» NYC Driving

February 12, 2015

Image,_Move_NY_Plan,_TollsCongestion Pricing for anyone driving in NYC is back on the table. With the removal of Assembly Speaker Sheldon Silver and the MTA’s $15 billion capital-plan deficit, Sam Schwartz’s Move NY plan could fix both congestion and the deficit.

Move NY Plan’s premise is to increase costs of driving into Manhattan where there are good public transport options, and reduce the costs where there are limited public transportation options. As a result, the flow of traffic gets spread around the various NYC bridge and tunnel crossings.

HIGHLIGHTS OF MOVE NY PLAN

  • East River bridges — implement tolls of $5.54 for E-ZPass users, $8 for others on the Queensborough/Koch Bridge, Manhattan Bridge, Brooklyn Bridge, Williamsburg Bridge.
  • Crossing below 60th Street in Manhattan — implement toll of $5.54 for E-ZPass users, $8 for others.
  • Outer Borough Bridges — reduce tolls from $5 to $2.50
  • Off Peak Hours — lower toll rates
  • NYC Taxis and app-based services — implement a surcharge based on a distance entered below 96th St in Manhattan.

BENEFITS OF MOVE NY PLAN Read more…

‧•••••••••••••••••••••••••••••••••••••••••••••••••••••••••••••••••••••••••••••••••••••••••••••••‧
January 22, 2015

Uber’s taxi hailing app has certainly made a small dent in the world of using a NYC taxi, though not without a series of legal battles and some really bad PR highlighting Uber’s surge pricing on New Year’s Eve and other holidays.

In December 2014, NYC’s City Council decided that it’s time for NYC to have its own app, rather than let Uber, Lyft, and Hailo have all the fun, and business. Councilman Benjamin Kallos, who represents the Upper East Side and Roosevelt Island, proposed the app.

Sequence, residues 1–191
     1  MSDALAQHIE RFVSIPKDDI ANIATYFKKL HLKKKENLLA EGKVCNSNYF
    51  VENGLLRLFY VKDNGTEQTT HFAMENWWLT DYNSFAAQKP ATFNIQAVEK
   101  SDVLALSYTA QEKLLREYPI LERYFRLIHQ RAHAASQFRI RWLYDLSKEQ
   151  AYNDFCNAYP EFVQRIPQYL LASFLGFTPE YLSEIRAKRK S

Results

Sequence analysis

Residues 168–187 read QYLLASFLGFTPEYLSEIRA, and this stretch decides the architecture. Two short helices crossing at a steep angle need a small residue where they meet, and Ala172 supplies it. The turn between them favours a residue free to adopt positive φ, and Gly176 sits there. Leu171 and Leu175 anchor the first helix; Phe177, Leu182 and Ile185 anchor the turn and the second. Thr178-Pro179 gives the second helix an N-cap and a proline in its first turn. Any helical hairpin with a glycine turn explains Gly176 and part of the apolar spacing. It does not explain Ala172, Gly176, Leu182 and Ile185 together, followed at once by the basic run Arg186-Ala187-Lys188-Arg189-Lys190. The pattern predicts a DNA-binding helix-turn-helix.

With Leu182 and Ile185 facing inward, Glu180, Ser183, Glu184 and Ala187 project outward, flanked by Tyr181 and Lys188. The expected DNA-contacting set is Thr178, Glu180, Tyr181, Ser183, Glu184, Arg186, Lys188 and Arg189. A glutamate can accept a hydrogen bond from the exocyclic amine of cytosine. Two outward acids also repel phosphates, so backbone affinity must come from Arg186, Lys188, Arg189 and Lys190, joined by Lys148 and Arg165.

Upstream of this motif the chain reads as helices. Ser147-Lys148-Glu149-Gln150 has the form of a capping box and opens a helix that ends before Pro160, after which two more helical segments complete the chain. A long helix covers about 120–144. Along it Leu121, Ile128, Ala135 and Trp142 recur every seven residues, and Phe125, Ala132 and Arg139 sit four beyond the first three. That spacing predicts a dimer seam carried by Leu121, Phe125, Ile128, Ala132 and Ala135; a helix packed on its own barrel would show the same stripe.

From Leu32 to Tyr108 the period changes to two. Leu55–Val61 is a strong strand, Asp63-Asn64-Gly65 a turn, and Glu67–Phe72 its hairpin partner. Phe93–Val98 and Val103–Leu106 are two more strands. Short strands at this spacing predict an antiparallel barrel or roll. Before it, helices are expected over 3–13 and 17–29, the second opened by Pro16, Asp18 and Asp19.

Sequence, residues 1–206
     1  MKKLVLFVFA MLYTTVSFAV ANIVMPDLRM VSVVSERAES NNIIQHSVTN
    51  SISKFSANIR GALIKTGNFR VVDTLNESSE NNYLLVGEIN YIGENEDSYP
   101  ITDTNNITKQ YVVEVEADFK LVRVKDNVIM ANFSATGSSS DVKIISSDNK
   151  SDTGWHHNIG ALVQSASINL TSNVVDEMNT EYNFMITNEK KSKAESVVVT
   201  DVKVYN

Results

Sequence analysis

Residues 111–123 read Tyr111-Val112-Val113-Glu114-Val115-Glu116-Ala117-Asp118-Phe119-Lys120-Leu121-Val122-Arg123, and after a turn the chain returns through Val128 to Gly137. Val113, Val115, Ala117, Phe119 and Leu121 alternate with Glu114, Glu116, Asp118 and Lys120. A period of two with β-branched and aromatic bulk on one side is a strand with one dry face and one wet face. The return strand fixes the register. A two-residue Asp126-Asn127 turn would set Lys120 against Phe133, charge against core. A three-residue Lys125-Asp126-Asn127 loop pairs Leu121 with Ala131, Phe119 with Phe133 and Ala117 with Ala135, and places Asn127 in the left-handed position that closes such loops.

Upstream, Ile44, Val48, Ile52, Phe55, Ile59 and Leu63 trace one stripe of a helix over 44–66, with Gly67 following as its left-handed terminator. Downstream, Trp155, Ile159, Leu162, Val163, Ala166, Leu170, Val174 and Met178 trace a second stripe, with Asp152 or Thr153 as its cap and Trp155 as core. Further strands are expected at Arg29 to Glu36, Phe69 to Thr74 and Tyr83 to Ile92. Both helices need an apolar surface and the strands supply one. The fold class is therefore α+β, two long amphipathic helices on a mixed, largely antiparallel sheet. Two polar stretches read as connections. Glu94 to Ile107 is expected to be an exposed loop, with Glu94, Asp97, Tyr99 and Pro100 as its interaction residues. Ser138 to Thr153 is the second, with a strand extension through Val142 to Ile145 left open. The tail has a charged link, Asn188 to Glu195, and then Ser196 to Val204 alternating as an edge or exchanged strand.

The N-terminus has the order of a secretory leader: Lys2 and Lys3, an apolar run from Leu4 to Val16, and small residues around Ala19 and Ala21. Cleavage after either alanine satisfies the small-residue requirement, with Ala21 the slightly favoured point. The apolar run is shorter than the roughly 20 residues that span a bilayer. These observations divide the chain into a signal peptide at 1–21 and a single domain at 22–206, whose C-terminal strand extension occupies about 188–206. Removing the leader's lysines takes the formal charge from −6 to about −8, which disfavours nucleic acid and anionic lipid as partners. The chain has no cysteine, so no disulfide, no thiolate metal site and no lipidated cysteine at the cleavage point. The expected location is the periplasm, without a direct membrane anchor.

Chicago is also considering its own app for e-hailing taxis, as reported by The New York Times.

Stay tuned, and we’ll see how this might affect congestion that comes with NYC driving.

Filed under: Taxis — Tags: , — mtohn @ 7:26 am
‧•••••••••••••••••••••••••••••••••••••••••••••••••••••••••••••••••••••••••••••••••••••••••••••••‧
December 16, 2013

With Mayor-Elect Bill de Blasio trying to improve daily life for NYC residents, Crain’s New York Business has gathered a list of ways to make getting around NYC easier. Here are some ideas for walking, NYC driving, NYC parking, subways, buses, ferries, deliveries, pay by phone, NYC Muni-Meters, bike lanes, and pedestrian plazas:

NYC Parking Ideas

Text to pay NYC Muni meters. Allow drivers to register a credit card with the city, text the number of the Muni meter to register their location, and pay the NYC parking fare, says Michael Woloz, a lobbyist for the taxi industry. No more fumbling for change, running out to feed the meter or waiting for approval in the freezing cold.

Neighborhood parking permits. Residents would pay an annual fee to park in their neighborhood. Everyone else would pay a metered or daily rate.

NYC Driving Ideas

Give NYC control of all the roads within the five boroughs. Read more…

‧•••••••••••••••••••••••••••••••••••••••••••••••••••••••••••••••••••••••••••••••••••••••••••••••‧
February 27, 2013
Pothole

Pothole

If you have been driving in NYC in the last few months, you probably have swerved to avoid a pothole. You know what a pothole is, but here’s the office NYC definition:

  • A hole in the street with a circular or ovular shape and a definable bottom.
  • The bottom may be the concrete roadway base and may be partially filled with mud, dirt, or loose gravel.
  • Condition does not look man-made and usually is not sitting in an area of collapse.

These large holes — some as big as 2 feet wide — slow down NYC traffic, can be hard to avoid, destroy NYC road conditions, ruin your car and never seem to get fixed fast enough.

How do these enormous holes that can be as deep as 10 inches, just show up suddenly?  There are a few different theories:

  • Theory 1 says that roads need to drain water.  Read more…
‧•••••••••••••••••••••••••••••••••••••••••••••••••••••••••••••••••••••••••••••••••••••••••••••••‧
October 18, 2012

If you’re doing any NYC driving, please be careful. With probably more than 50,000 vehicles in Manhattan alone at any time (it’s a guess since there are 13,000 NYC taxis), NYC traffic is tough to navigate.

Mayor Bloomberg’s office has released it’s bi-annual Mayor’s Management Report, and the stats are not great for NYC traffic fatalities form July 2011 – June 2012:

  • 23% increase in NYC traffic fatalities.
  • Increase from 236 to 291. There were 310 NYC traffic fatalities in 2007.
  •  176 cyclist or pedestrian fatalities, up from 158 during July 2010 – June 2011.
  • 115 motorist or passenger deaths, up from 78 during July 2010 – June 2011.